Growing on me

This has been the fall of self-doubt.  A constant theme in my life, I know. 

I started out the semester riddled with all kinds of worries - am I choosing the right path, what will I do with an English degree when I'm done, why are books more expensive than groceries for a month, what if I fail, what if this class is too hard, and on and on.  To add to this pile of worry, Eric moved to a new position at work and part of the new job is travel.  He's going to be gone most of October, a little of November, and a little of December.  Plus he'll be traveling at least once a quarter from here on out.  Juggling school and children and their school and football and homework and their homework and church and cleaning house and cooking and life in general - well, I'm not used to being so alone in my own house.  Oh, I've taken the kids on vacation alone.  A couple summers ago we even left Eric behind for over a month as we drove cross country.  But, that wasn't regular lif…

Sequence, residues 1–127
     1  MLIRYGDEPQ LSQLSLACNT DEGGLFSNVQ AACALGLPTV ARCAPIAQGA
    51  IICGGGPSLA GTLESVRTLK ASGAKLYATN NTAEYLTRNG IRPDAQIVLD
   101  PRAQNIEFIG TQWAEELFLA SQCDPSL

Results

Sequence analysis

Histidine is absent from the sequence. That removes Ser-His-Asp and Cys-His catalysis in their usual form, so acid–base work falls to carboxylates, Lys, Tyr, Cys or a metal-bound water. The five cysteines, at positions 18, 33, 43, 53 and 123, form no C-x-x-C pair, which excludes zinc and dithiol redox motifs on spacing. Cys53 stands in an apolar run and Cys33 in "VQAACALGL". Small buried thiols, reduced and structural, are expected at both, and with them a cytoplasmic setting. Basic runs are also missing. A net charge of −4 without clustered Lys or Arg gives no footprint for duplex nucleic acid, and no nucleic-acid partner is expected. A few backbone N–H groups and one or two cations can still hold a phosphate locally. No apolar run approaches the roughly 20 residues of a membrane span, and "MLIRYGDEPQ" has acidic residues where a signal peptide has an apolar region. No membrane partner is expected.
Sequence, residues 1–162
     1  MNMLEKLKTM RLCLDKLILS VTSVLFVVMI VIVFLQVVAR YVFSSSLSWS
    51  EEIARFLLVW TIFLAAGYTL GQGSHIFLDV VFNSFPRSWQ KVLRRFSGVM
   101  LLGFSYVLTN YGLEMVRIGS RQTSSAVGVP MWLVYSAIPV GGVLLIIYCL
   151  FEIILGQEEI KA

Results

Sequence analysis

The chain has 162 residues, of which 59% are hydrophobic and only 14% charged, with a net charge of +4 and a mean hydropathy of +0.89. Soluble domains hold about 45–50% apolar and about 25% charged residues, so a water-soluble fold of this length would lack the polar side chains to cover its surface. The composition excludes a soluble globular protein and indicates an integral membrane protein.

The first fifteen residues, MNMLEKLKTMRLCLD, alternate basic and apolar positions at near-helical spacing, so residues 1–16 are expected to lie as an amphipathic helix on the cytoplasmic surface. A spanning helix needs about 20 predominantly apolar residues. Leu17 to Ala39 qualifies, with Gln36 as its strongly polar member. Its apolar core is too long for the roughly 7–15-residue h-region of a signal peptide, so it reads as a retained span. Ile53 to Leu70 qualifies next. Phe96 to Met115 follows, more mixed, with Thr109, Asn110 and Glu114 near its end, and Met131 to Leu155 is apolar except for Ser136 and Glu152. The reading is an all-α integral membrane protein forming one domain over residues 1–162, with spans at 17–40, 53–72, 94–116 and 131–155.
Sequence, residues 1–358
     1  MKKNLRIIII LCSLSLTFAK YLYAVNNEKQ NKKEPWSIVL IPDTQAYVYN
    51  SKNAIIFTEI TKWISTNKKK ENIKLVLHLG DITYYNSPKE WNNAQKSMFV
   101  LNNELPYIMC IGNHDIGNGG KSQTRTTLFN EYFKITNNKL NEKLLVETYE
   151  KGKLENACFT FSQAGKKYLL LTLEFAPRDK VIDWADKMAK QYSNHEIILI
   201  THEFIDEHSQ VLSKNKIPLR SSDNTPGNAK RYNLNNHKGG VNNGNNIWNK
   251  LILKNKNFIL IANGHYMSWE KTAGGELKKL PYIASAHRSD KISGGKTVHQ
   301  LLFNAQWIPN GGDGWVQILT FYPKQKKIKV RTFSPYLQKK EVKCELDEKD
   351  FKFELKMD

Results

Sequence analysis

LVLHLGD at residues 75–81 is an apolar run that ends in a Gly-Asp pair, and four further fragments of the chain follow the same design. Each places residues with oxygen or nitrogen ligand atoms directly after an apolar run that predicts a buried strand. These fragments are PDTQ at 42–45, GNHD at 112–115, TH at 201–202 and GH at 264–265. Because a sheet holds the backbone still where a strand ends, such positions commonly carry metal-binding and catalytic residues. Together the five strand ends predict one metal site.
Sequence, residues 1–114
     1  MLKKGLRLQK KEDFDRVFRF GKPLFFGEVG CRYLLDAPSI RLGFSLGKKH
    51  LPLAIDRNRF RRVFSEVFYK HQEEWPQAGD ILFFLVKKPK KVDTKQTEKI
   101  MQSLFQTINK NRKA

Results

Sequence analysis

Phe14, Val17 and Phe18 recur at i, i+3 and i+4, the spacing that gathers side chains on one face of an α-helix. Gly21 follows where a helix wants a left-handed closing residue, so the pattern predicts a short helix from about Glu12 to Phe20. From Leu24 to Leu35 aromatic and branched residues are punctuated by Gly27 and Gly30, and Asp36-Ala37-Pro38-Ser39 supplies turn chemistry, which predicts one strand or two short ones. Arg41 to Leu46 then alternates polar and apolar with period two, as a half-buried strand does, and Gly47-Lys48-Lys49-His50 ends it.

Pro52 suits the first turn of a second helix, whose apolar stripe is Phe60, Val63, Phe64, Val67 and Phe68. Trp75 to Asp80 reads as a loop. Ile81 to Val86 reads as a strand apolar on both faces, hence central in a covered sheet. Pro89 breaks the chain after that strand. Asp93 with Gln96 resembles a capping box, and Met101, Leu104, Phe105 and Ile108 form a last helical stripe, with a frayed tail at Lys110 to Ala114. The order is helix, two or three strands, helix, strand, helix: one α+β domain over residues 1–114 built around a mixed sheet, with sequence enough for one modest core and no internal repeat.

Little voices

My son is having a conversation with himself.  It's fairly common these days.  The mumbling, the sighing, the mouthing words without sound.  It happens all the time.

It makes my blood boil in my veins.  And also, my eyebrows shoot skyward like they have strings pulling them up.  It's very annoying.  (The eyebrows and the conversations.)

See, the thing is, I asked him to read a book.  A good book, one I've read and enjoyed.  (Pillage by Obert Skye, if you're interested.)  He's reading this book for school.  He has to read about 14 books by the end of the quarter.  I'm really hoping that means December but I'm not sure.

My son, bless him, went right into convulsions.

The body language alone is fascinating.  Arms and legs and head bobbing in separate directions.  And then there are the sounds.  Long exhalations of breath, lungs emptying at alarming rates, teeth pressed together so that the air comes out in a whistle, and limbs hitting against the floor or each…